This yard in Athens saw an auction every month, selling cars confiscated from drug dealers or tax dodges. Now the state agency has been shut down. Half of the workforce is still there, moved to the books of a government ministry. While the costs run on, there is no more income: Paralyzed, the unit has seen just one car auction this year. It is a snapshot of Greece’s woes, distilled down to impound level.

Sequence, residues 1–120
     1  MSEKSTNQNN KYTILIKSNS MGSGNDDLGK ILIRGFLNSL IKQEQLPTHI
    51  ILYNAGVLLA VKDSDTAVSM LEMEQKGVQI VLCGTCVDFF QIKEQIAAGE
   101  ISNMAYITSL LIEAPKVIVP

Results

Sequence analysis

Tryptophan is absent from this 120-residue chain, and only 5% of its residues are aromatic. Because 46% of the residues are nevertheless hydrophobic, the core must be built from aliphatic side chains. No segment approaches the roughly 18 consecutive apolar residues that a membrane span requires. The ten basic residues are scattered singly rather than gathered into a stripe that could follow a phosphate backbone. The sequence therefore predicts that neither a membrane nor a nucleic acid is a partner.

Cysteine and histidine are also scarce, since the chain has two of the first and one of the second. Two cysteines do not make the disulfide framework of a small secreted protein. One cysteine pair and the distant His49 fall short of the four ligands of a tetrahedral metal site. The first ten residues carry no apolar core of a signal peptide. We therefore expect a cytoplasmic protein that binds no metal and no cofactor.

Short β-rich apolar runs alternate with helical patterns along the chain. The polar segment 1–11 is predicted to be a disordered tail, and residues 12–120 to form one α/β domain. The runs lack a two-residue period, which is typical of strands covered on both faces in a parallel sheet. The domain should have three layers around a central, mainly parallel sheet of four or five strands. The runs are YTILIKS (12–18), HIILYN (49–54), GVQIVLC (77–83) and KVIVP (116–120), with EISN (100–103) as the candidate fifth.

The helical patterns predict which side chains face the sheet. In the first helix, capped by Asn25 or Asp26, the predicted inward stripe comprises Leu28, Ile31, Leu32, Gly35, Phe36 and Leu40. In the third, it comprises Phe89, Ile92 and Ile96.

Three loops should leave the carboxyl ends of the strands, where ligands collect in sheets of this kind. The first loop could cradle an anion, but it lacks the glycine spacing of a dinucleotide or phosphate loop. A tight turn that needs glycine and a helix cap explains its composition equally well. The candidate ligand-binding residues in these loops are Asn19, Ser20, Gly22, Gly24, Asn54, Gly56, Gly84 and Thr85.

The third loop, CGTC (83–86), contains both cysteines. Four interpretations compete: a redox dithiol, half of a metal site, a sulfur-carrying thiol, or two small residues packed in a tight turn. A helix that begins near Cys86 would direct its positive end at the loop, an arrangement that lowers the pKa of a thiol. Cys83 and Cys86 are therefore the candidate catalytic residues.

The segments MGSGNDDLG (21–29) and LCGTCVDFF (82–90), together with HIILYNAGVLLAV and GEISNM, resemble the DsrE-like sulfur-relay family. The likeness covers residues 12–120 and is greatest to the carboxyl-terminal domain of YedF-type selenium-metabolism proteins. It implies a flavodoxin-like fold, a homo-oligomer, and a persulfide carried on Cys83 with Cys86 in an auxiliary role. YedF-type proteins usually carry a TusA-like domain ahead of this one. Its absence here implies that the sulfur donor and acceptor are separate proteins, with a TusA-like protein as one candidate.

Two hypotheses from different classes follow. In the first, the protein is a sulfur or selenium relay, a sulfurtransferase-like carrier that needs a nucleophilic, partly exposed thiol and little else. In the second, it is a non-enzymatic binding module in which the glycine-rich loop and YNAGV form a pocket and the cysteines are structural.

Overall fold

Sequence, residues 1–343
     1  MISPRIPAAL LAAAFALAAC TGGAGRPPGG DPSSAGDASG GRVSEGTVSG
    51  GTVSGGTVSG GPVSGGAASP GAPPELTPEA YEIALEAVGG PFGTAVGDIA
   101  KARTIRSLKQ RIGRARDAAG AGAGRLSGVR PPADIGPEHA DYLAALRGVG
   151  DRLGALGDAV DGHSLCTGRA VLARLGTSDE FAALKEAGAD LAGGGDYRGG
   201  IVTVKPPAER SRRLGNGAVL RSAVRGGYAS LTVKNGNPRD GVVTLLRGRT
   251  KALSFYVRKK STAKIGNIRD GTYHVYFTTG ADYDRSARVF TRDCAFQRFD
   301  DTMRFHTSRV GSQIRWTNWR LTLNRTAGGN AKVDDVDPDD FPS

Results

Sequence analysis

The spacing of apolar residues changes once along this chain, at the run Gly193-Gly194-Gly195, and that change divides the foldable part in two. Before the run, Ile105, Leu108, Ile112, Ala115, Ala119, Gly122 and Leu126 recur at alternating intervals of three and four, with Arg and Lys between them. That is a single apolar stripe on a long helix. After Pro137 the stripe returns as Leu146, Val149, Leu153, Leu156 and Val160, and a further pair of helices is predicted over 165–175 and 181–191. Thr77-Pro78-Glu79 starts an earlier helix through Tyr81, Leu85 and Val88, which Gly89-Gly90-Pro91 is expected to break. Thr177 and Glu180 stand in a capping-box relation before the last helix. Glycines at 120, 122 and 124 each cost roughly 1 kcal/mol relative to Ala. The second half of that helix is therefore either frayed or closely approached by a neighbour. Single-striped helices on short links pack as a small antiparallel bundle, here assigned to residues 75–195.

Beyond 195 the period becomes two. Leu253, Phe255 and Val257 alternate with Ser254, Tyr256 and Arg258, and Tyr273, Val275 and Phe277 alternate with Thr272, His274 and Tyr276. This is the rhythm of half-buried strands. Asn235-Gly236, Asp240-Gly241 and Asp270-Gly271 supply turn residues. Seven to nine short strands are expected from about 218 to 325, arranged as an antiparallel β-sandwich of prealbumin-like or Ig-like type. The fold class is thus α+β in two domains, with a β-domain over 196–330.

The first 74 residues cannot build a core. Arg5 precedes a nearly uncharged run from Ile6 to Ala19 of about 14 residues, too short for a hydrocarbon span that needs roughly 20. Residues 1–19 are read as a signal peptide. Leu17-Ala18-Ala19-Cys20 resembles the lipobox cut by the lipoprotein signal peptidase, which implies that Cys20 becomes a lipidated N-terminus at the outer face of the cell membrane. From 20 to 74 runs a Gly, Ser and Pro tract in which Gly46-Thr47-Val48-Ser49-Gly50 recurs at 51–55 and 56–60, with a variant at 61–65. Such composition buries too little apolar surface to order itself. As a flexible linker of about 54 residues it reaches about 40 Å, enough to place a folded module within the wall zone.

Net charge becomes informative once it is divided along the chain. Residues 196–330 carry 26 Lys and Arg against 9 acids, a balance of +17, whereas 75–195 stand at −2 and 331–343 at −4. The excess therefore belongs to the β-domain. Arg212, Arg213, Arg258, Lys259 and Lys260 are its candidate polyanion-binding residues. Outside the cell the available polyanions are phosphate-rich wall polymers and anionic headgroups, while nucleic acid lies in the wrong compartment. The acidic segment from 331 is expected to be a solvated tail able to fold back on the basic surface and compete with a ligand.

Details from the story, pieced together by Reuters from current and former employees and official records, “illustrate some of the hurdles Prime Minister Antonis Samaras faces to his goal of saving up to 2 billion euros by 2015 through scrapping some of the thousand or so similar agencies in the hope of persuading international lenders he can steer the budget towards balance.”